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2025 – The end of the Safety practitioner?

The ever-evolving world of business and the advancement in Artificial Intelligence is probably one of the biggest risks to employees in today’s world of work. Machines are getting smaller, faster and even smarter, and workplaces are evolving at a rapid pace. And for the past 100 years, the safety profession has been stuck on a treadmill running to keep up.

A few large names pops up as victims of advancement, such as Rolex, Betamax and Kodak. It is said that their treadmill-thinking led to their downfall.

The first digital wristwatch was introduced in 1967. The story in the matchmaking industry tells that Rolex was the first swiss manufacturer to say no to the new concept stating that no Rolex watch will ever run on batteries. It was only in the late 1970’s when Rolex realised the short-sighted decision, when the market already bought Seiko, Boluva and other analog quartz watches.

Sony’s Betamax VCR’s also lost the market to VHS due to a lawsuit between them and the Motion Picture Association of America on illegal copying of movies. Sony’s decision to hold back on Betamax sales, pending the outcome of the lawsuit, gave Japan Victor Company, (JVC) a window of opportunity and released the VHS format. By the time the lawsuit was settled, Betamax found the entire US market already flooded with VHS format VCR’s and had very little hope to enter at that late stage.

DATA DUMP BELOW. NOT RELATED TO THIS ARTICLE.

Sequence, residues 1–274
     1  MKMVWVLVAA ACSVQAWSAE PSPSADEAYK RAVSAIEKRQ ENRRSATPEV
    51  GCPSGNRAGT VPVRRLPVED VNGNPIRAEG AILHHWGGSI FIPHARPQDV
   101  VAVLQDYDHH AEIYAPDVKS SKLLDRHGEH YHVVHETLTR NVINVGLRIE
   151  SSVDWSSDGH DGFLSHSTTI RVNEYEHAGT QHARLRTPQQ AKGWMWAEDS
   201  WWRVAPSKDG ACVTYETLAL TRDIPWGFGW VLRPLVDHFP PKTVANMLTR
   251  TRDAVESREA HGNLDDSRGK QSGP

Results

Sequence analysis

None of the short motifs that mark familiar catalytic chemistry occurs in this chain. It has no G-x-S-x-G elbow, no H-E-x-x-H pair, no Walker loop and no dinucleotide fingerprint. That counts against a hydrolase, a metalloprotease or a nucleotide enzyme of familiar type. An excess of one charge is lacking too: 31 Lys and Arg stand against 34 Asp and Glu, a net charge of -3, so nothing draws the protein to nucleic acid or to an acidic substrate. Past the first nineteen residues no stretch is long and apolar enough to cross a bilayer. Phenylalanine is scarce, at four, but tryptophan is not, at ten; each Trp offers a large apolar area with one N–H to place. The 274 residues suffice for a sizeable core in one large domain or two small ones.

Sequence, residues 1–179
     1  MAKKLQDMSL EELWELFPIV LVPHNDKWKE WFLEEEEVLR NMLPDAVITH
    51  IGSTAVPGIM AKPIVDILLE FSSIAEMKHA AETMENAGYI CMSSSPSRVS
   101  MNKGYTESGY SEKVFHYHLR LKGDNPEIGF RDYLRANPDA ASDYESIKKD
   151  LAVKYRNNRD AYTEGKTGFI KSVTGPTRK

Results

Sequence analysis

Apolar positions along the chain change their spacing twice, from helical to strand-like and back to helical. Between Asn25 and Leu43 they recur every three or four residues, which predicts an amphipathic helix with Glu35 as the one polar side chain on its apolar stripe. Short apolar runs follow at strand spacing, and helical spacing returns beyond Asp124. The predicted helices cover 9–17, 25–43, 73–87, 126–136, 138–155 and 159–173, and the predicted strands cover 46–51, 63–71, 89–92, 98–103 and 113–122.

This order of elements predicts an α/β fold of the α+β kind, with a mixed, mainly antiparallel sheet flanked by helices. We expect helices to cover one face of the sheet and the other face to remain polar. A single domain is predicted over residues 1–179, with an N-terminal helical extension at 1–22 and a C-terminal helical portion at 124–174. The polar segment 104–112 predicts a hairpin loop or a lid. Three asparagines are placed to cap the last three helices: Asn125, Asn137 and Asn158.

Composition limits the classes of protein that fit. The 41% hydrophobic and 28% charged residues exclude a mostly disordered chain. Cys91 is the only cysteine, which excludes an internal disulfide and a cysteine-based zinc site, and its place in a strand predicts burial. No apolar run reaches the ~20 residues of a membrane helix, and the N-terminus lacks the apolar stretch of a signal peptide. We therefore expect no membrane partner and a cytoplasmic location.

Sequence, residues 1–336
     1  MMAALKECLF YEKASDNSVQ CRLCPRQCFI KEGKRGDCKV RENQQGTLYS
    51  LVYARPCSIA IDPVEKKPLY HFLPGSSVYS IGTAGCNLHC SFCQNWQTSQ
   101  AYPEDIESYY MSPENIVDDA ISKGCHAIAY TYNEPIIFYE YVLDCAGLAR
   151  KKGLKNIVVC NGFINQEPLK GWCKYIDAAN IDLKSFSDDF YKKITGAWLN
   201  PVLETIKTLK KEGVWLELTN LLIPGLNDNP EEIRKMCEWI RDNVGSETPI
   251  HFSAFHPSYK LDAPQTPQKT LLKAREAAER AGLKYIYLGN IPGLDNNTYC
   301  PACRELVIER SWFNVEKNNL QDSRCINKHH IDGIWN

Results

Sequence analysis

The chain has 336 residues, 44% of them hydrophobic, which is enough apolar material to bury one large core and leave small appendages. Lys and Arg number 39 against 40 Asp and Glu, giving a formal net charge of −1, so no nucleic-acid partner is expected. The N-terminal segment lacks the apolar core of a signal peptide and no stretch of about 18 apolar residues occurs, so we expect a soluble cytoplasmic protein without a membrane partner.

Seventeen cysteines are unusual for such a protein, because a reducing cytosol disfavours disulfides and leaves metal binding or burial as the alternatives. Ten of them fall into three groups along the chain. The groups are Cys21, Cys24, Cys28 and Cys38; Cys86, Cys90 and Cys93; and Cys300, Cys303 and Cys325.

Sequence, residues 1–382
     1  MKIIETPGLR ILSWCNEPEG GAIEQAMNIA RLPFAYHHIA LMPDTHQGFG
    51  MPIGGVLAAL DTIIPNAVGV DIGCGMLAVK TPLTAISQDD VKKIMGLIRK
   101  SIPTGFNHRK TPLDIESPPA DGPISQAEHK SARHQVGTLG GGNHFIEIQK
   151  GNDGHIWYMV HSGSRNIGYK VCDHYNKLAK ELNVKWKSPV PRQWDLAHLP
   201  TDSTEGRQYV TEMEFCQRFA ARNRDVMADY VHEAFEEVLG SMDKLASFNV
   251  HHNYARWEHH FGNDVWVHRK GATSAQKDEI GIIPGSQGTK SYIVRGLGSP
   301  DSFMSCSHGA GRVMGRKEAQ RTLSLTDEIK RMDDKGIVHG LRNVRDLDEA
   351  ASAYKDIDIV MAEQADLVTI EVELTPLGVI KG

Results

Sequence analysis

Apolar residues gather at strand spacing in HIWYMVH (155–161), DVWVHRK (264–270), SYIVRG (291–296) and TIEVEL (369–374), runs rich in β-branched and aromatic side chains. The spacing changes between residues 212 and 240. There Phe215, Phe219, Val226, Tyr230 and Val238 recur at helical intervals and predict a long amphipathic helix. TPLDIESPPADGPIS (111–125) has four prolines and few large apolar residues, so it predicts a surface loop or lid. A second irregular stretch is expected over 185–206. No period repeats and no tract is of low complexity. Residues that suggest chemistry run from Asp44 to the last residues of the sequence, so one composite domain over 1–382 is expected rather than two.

Kodak also fell prey to digital advancement, with the advent of digital cameras. Instead of embracing the new technology, Kodak made some side-stepping manoeuvres, which included the acquisition of Sterling Drugs for $5,1 Billion in the 1980’s. Later it introduced the “Photo CD” as a storage medium for images, without considering the possibility of data storage as a whole.   Realising its errors too late, Kodak was forced to recruit from companies like Lexmark to re-label some of their products under the Kodak name in order to save face as a leader in digital technology. Eventually, they owned nothing of note in the market and their shares dropped from $2,38 to just 78c in just one week after rumours emerged of their bankruptcy.

The fall of the company that George Eastman built is perhaps the most salient commentary on the new economy in recent memory, and tells an unfortunate story about much of America’s industrial base. Monolithic, inflexible and unable to keep up with the shifts and turns of disruptive technology, once great companies like Kodak can’t survive without exhaustive restructuring.